Where is the “coherence” in some of these puzzling voter choices?

ll this week, I’ve been asking you to help me figure out some post-election puzzles. Monday, I asked you about new styles of voter mapping; Tuesday, about same-sex marriage bans; Wednesday, about failures of abortion initiatives.
    TODAY, let’s look at the intriguing case of my own home state: Wolverine voters said yes to stem cell research and medical use of marijuana—but they said no to same-sex marriage two years ago. What do you make of these decisions?
    Here’s what happened: The Stem Cell Initiative (also called CureMichigan), Proposal 2 on the ballot, was approved by 53% of the vote. The state’s constitution now will be amended to allow researchers to use embryos from fertility clinics that would have been discarded. Scientists can create embryonic cell cultures. And, the government can fund the research.
    The Coalition for Compassionate Care Initiative, Proposal 1 on the ballot, was approved by 63% of the vote. Now, doctors can prescribe the use of marijuana for seriously ill patients. Patients and their caregivers can cultivate their own marijuana. Uses of marijuana for other purposes are still prohibited.
    In 2004, however, Michigan voters strongly supported a ban on same-sex marriage. Our state’s constitution now includes the statement, “The union of one man and one woman in marriage shall be the only agreement recognized as a marriage or similar union for any purpose.”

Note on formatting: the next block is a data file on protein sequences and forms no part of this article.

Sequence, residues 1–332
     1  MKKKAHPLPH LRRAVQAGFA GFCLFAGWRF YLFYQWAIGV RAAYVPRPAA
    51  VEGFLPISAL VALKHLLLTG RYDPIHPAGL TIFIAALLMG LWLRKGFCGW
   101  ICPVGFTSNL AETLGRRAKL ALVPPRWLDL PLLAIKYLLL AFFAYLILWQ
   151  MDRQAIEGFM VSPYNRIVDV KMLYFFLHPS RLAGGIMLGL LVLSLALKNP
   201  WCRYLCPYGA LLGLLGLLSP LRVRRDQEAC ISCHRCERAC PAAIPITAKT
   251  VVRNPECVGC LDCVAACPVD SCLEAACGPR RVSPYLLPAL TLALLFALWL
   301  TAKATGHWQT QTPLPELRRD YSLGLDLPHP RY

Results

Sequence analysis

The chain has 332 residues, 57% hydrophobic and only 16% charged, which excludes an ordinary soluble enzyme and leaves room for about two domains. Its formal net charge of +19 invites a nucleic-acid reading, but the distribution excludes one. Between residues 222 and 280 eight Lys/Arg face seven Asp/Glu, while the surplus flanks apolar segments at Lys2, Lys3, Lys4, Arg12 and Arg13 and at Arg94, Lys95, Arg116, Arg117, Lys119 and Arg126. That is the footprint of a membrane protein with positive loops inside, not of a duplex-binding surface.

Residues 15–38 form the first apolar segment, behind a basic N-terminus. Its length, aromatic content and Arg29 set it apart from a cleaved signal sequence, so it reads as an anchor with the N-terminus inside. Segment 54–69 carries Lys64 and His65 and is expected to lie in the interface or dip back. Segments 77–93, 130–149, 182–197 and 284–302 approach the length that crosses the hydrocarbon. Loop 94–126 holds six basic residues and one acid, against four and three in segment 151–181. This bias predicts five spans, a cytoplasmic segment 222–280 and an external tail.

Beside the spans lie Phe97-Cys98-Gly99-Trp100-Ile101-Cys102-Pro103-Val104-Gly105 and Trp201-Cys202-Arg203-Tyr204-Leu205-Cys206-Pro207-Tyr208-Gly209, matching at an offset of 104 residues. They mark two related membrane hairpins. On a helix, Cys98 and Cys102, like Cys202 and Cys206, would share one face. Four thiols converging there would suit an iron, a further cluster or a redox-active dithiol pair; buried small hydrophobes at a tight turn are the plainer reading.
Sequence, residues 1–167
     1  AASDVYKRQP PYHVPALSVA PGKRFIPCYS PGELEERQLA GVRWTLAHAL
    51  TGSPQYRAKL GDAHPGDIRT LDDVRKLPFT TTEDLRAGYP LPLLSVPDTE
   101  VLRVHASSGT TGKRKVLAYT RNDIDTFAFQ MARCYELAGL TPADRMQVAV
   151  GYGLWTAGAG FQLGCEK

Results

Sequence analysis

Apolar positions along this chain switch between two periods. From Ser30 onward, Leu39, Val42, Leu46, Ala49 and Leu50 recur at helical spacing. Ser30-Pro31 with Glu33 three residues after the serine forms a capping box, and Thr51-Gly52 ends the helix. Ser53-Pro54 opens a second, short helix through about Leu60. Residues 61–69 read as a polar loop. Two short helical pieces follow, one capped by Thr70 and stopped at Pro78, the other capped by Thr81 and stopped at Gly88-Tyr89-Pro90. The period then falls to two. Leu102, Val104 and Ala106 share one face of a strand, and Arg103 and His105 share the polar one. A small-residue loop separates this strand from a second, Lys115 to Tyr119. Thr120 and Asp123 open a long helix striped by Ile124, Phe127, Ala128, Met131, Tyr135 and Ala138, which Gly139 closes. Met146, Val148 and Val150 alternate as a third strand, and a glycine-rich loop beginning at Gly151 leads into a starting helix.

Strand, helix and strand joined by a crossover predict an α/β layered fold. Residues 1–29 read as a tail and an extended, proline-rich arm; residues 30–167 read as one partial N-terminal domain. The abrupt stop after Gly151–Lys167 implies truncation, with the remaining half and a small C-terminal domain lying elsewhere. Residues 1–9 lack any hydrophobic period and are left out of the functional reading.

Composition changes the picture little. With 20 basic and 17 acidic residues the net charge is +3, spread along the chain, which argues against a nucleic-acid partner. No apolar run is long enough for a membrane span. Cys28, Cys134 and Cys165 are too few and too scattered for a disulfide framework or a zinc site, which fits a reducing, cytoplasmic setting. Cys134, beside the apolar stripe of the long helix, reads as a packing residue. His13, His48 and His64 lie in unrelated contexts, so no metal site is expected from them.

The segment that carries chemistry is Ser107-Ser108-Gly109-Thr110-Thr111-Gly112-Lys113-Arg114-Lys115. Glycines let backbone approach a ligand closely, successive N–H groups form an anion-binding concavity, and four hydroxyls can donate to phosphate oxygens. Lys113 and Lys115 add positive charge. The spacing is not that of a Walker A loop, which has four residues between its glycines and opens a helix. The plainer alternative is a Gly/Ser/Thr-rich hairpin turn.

Researchers who study values often talk about “coherence”—the consistency of attitudes about controversial issues. Coherence would be the consistent approval of abortion, medical use of marijuana, stem cell research, and same-sex marriage. Or, it could be the consistent disapproval of all these. The idea is that attitudes on a set of issues hang together.
    Michiganders were consistent on Election Day when they approved stem cell research and medical use of marijuana. But their approval of these ballot measures in 2008 is inconsistent with the 2006 ban on same-sex marriage.
    Californians were inconsistent on Election Day when they approved a ban on same-sex marriage (see Tuesday’s post) but rejected “Sarah’s Law”—a constitutional amendment that would have prohibited abortion for minors without parental notification (see Wednesday’s post).

It seems that Americans’ attitudes are liberalizing across a wide front—except for same-sex marriage.
    What do you make of these patterns? Do you think Michigan voters and California voters are inconsistent in their attitudes?
    Or, does it all make sense?

    Please, tell us what you think! C
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